Spring in the garden is traditionally a time of high tension, with the ever-present possibility of panic.

As the sap in the trees rises, so does the blood pressure, because it’s make-or-break time in many ways.

Fruit trees are at their most vulnerable when they’re flowering. A frost, or too much rain at the wrong time, or a disease outbreak, can severely impact the crop for the year.

On top of that, there are a million and one jobs to do, and it always seems to be the season when a crucial piece of equipment goes AWOL.

Can you tell spring can sometimes not be much fun?

The word ‘panic’ comes from ‘pan’, and Pan is the god of spring! In Greek mythology, he’s the god of the wild, shepherds and flocks, of fields, groves, and wooded glens.

Victoria and Tom getting ready for spring celebrations on the farm
Victoria and Tom getting ready for spring celebrations on the farm

Reclaiming spring as a time of celebration and thanks

Pan is also connected to fertility and the awakening of all things. So some years ago, we decided to turn spring panic on its head and reclaim this season as a time for gratitude, feasting, and celebration.

It’s a welcome reframe of the sense of panic that can too easily consume us, particularly in those years when it rains too much!

It’s also an excellent time to thank the community of people – our village – who help us to run the farm.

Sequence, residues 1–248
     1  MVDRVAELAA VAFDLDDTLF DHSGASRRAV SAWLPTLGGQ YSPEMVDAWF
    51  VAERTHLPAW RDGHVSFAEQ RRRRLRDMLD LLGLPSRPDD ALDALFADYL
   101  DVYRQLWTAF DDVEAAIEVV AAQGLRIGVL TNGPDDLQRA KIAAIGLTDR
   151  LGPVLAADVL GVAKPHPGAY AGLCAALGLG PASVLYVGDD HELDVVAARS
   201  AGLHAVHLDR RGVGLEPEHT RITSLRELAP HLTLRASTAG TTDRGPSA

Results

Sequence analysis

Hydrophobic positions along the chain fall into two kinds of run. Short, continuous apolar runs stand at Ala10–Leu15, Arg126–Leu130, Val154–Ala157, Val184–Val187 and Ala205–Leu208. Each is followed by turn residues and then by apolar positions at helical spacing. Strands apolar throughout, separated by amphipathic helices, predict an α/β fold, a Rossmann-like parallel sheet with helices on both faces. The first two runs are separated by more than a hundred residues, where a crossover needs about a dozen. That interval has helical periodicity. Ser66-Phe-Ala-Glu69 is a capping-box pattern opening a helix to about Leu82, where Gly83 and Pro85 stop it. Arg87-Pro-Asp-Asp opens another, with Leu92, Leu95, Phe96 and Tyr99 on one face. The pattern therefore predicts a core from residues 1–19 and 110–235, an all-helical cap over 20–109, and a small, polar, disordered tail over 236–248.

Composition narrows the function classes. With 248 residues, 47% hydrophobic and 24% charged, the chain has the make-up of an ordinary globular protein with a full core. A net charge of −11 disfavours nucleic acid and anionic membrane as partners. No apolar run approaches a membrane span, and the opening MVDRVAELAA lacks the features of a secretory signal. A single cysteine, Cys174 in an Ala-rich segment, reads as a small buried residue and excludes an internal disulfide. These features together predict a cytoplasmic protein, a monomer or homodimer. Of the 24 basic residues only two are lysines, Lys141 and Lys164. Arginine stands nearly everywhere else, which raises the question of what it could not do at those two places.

The list of people who work with us or alongside us in some capacity on the farm has changed considerably over the years, but a couple of things always stay the same.

The first is family, in particular Katie’s dad Merv. He presides over the on-farm nursery, and is a constant but quiet presence in our lives; never interfering, but always providing support and having our backs. The rest of Katie’s family maintains an active interest in the family farm and are involved in many small and large ways.

The second constant is that there are a LOT of people involved in our place.

Back in the day when we were running the orchard ourselves, we had a great team who helped variously with pruning, markets, and thinning. Then there were the interns, the WWOOFers, and the volunteers.

Since we leased out the orchard and started the Harcourt Organic Farming Co-op, it’s a whole new crew.

And of course we’re also very grateful for all our Grow Great Fruit members, our appreciative and loyal customers, and the thousands of people who follow us on Facebook. It’s a pretty big village!

Our spring feasting table
Our spring feasting table

Replacing panic with eggs

In keeping with the spring theme, we often have an egg-based feast. Eggs appear in entree, main, and dessert, and oh boy, it’s delicious.

There’s usually a bonfire, which is welcome because it’s usually still pretty cold at this time of year, especially in the evenings.

If people stick around there are inevitably wine and marshmallows around the fire, and some music or singing.

It’s a great way to re-set, reframe, and declare the new season officially launched!

The spring bonfire at dusk
The spring bonfire at dusk

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